Finally you come to the Omnibus bar along the Grand Canal where you will watch the Regata Storica.  You are very pleased with the service at the bar since your waiter refills your wife’s water bottle multiple times, and gladly.  This is practically unheard of in Italy – nobody else serves house water from the tap.  You wait for the rest of the group to arrive and do some window shopping before the races begin.  There are multiple regattas in Venice each year, but the annual historic regatta is the most popular.  It begins with a fun parade of boats, with people dressed in various historical costumes.  This is followed by the competitors in their boats, also dressed colorfully and in matching outfits.  You are not sure whether it is because the regatta is poorly timed or because the event is just run by Italians operating on Italy time, but there are long lags between the actual races.  First is the children’s race, and they are amusing only because they are young and don’t quite know where to start or when to begin rowing.  Next, after a long wait, is the women’s race.  This one is more interesting, as you even watch some boats get passed by others while they go past you.  The last one you get to see before having to catch the train is the men’s race.  It is very fast and the rowers are clearly very decisive.  They are gone before you know it, and it’s time to head home.  The walk to the train station is long, but since your trip leader knows where you are going, it’s not nearly as long as it could be!  There’s one last fun surprise at the train station: a brass band sits on the steps outside the station, at the end of the canal and you hear a rousing version of “Funiculì, Funiculà,” which inspires many older Italian men to snap and briskly move their arms in time.  The train ride is comfortable and uneventful and you arrive back home, happy and tired.  This is the best anniversary so far!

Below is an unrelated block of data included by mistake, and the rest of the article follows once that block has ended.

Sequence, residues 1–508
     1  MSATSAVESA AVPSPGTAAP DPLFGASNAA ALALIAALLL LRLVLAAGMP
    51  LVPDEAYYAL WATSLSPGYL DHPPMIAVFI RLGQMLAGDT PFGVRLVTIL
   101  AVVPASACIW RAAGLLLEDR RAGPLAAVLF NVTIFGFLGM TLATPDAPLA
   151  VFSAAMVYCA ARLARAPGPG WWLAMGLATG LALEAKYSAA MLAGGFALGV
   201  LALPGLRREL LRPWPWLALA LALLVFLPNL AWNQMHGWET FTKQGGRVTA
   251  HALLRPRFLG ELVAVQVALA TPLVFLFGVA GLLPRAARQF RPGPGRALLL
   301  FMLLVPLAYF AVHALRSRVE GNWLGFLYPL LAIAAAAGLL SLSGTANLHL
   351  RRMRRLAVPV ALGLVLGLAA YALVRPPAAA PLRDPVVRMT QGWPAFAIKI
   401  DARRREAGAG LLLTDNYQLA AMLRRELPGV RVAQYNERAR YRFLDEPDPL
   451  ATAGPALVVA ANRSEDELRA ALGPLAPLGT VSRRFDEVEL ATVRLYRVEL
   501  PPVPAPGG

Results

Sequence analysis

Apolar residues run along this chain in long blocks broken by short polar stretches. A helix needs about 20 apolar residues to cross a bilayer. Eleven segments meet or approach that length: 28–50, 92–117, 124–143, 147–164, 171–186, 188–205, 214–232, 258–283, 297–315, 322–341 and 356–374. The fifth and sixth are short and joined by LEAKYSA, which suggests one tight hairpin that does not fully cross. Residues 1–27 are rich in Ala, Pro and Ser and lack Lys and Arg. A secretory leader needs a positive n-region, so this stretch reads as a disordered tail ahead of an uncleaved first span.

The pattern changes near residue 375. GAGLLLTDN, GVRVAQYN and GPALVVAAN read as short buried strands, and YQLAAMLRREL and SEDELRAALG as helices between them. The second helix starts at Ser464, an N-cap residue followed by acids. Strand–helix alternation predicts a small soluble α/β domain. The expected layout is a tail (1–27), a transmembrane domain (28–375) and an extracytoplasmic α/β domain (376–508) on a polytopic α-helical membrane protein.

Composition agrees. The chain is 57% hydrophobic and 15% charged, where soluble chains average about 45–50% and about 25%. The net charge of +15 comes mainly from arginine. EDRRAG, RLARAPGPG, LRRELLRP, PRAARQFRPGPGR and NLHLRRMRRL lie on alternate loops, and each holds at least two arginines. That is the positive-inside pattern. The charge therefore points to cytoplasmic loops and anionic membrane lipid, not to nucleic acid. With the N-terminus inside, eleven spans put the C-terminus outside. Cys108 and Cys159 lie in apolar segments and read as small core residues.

You know there isn’t much else in store for fall since you’ll be leaving for the majority of October for a big training event.  Continue reading if you figure fall is too boring to hear about, or go to Unadventures in Fall 2011 if you choose to recap the few months.

September slips away fast with just a couple notable events, and thanks to Operation Security procedures you can’t tell too much about jumping into Germany and your mock-war training that you received, but there’s still enough going on that it’s more interesting to read than the average daily planner!  Now go to Unadventures in Fall 2011 to know just what semi-interesting things happen.

2 Responses to “Fourth Adventure: Anniversary in Venice”

  1. Alexis Macdonald September 20, 2011 at 3:47 am #

    WOW! the experiences that you are having are so incredible and special. I am so happy for you both (all 4). You are in a beautiful country with so much historical, cultural and religious history. I am looking forward to being with you soon, to enjoy some of it, much love, Mom

  2. Cynthia September 25, 2011 at 10:26 am #

    How about some Holy Ghost news?
    With MUCH love & prayers for you!
    Your friend and sis in the Lord,
    Cynthia